Giving Compass' Take:

• Keri Blakinger and Abbie Vansickle, at The Marshall Project, explain how inhumane mass arrests at Black Lives Matter protests have drastically increased COVID-19 risks.

• Many considered mass arrests inhumane before the virus. How has coronavirus helped to expose failings in police tactics at protests? What can you do to support the safety of those protesting injustices?

• Learn about strategies for protesting safely during the pandemic.

In general, getting arrested sucks—and even more so during a mass arrest, where the sheer volume of people churning through the system drags out the handcuffed waiting game. But during coronavirus, some of the things that make mass demonstration arrests especially awful have actually become health risks.

“When you go to a protest you can come register your voice and maintain social distance when you can control your own body,” said Alec Karakatsanis, a lawyer and founder of the nonprofit law firm Civil Right Corps. “But when the police start chaining you in a van or when you’re in a bullpen with many people in close proximity, in cells that are filled with mucus and blood and feces and urine—and that’s what our jails look like—the mass arrest process is all the more dangerous.”

He said police officers sometimes deliberately make the process uncomfortable in an effort to discourage repeat protests.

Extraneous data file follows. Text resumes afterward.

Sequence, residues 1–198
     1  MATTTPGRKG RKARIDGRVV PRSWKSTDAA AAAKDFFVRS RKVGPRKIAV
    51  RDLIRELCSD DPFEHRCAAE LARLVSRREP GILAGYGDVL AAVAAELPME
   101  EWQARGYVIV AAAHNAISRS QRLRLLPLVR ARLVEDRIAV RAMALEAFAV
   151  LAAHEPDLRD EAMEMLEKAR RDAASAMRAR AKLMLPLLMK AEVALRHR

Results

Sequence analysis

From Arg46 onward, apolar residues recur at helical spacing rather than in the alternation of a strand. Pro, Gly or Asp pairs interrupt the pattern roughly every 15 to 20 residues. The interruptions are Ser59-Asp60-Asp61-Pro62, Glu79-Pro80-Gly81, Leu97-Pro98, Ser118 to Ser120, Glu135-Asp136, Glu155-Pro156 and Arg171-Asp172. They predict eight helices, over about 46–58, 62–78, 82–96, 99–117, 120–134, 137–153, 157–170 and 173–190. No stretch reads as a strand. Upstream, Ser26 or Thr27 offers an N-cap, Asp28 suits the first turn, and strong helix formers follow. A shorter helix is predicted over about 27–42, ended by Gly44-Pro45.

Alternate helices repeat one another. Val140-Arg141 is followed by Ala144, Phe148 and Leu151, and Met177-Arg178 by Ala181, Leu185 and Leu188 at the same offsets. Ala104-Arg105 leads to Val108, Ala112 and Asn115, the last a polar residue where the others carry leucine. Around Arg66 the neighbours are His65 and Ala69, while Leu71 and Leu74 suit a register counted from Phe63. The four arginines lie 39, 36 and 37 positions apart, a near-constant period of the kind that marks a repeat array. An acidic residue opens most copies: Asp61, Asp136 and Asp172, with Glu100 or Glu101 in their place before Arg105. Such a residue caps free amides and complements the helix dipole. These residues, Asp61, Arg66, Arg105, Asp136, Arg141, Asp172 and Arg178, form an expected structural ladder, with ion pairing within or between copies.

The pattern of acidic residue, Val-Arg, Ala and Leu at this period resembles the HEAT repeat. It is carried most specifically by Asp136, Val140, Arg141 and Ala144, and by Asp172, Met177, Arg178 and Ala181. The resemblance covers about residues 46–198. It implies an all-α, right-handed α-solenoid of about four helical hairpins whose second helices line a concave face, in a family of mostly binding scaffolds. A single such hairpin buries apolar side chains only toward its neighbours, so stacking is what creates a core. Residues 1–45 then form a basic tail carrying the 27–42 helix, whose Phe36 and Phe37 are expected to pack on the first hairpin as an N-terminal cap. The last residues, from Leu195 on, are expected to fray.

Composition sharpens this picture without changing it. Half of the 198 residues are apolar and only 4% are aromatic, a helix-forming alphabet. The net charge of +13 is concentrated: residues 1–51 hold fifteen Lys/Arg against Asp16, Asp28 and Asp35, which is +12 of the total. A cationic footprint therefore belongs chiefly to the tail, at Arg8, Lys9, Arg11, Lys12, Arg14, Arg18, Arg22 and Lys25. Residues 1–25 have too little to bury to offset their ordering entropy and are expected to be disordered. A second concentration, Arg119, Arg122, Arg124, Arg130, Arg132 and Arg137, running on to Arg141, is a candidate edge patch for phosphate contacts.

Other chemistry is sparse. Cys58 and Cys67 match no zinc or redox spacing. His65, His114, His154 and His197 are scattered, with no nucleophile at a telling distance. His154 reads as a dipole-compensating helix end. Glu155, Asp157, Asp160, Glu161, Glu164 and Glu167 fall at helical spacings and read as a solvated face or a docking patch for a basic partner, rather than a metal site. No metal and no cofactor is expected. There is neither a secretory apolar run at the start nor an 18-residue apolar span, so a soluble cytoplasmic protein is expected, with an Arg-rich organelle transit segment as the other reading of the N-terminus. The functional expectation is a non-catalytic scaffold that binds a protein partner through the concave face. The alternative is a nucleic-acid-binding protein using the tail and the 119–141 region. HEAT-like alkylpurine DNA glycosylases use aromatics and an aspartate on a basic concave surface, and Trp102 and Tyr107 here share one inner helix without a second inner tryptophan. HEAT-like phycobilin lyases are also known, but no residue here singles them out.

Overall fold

Arrests can involve an hours-long booking process, an initial appearance before a judge or magistrate, a chance to pay bail, and a long release process. In between is a lot of waiting, usually in cramped communal spaces where social distancing is impossible.

“Police have no interest in creating an efficient system,” said Renate Lunn, a lawyer at New York County Defender Services. “People are being treated worse when they’re arrested because everything takes longer.”

Erikha Mason said the experience would not deter her from protesting again. She missed the 60,000-person demonstration Tuesday because she couldn’t afford to skip a day of work waitressing, and didn’t want to risk worrying her grandmother. But the next time she’s free and there’s a gathering, she would go back “100 times over,” she said.

“They want us to be scared, but we’re not scared,” she said. “We’re tired.”

Read the full article about inhumane mass arrests and COVID-19 by Keri Blakinger and Abbie Vansickle at The Marshall Project.